• The 11.5 MW is the kinetic energy in the wind due to its mass and velocity. The theoretical maximum energy that can be converted by a wind turbine is 59.7%….this is referred to as the Betz Limitation and you can find out how that value is derived here… http://www.wind-power-program.com/betz.htm. However, the Betz limitation as indicated is a theoretical value that can’t actually be achieved. A typical performance coefficient (Cp) for a horizontal axis IWT is more likely to be in the 35% to 45% efficiency range. There are two more efficiency values to be concerned about. One is the gearbox (Nb) which is usually in the 95% range and the second is the generator efficiency (Ng) which is dependent on a variety of factors which could put it in the 50 to 80% range. There may be other losses as well on the electrical side after the generator but I don’t think that those are included in the way that an IWT is typically rated. With regards to the gearbox, the 5% inefficiency is lost mostly as heat. With regards to the generator, the 30 to 50% inefficiency is also lost as heat along with some minor losses as well such as windage. There will also be other equipment in the IWT that takes power at various points in time (usually referred to as parasitic losses)…. lights, fans, cooling equipment, switchgear, heat tracing to keep the ice off the blades, immersion heaters to keep the oil in the gearbox warm enough (winter time) etc. These losses are more pronounced for winter operation and if there is no wind for a period of time, one can see that this is a real problem because now energy from the grid has to go to the IWT to keep it ready to go into action (plus deal with things like lighting).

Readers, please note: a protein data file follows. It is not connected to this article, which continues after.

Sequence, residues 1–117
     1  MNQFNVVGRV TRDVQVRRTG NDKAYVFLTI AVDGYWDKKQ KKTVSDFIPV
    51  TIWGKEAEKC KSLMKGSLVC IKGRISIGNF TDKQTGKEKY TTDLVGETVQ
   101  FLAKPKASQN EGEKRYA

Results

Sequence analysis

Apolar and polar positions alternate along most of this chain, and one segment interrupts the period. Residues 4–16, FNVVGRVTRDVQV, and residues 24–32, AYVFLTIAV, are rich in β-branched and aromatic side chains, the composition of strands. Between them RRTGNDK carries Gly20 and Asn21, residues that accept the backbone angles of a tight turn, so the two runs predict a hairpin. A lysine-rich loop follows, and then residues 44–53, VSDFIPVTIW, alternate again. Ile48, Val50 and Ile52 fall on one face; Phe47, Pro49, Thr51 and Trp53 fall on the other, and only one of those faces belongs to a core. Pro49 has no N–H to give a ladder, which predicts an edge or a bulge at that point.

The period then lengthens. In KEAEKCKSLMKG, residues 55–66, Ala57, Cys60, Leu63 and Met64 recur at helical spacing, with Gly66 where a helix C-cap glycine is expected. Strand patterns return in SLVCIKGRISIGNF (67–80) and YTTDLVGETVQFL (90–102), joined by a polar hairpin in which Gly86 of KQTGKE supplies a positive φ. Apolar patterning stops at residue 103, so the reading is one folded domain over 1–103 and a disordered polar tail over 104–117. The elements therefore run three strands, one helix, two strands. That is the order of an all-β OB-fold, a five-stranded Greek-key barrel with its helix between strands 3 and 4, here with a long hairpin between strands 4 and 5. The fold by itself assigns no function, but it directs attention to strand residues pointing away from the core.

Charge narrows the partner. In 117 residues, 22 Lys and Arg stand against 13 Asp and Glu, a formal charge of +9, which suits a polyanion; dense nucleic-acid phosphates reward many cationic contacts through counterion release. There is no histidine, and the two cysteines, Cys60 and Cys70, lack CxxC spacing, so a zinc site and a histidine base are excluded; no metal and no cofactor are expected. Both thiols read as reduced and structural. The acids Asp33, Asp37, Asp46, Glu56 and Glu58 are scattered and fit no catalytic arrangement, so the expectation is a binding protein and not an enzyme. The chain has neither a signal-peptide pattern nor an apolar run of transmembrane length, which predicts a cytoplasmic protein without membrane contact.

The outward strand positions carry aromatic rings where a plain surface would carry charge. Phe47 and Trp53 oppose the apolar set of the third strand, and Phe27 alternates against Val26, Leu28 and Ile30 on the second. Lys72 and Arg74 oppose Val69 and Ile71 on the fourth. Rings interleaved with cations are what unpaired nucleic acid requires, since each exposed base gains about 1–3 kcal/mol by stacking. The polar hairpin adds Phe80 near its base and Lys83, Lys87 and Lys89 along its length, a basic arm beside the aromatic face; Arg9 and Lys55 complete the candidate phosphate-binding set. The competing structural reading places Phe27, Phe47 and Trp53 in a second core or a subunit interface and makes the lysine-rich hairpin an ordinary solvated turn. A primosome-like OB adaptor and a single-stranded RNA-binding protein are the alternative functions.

If you want to figure out the overall generator output (and assuming for simplicity that the parasitic losses are minor), just multiple the efficiency values of the individual components since they all act in series. An overall efficiency that addresses the combining of all the components is typically in the 20% range (as you will see in your example of only getting 2.1 MW out of the generator when the wind has 11.5 MW of kinetic energy).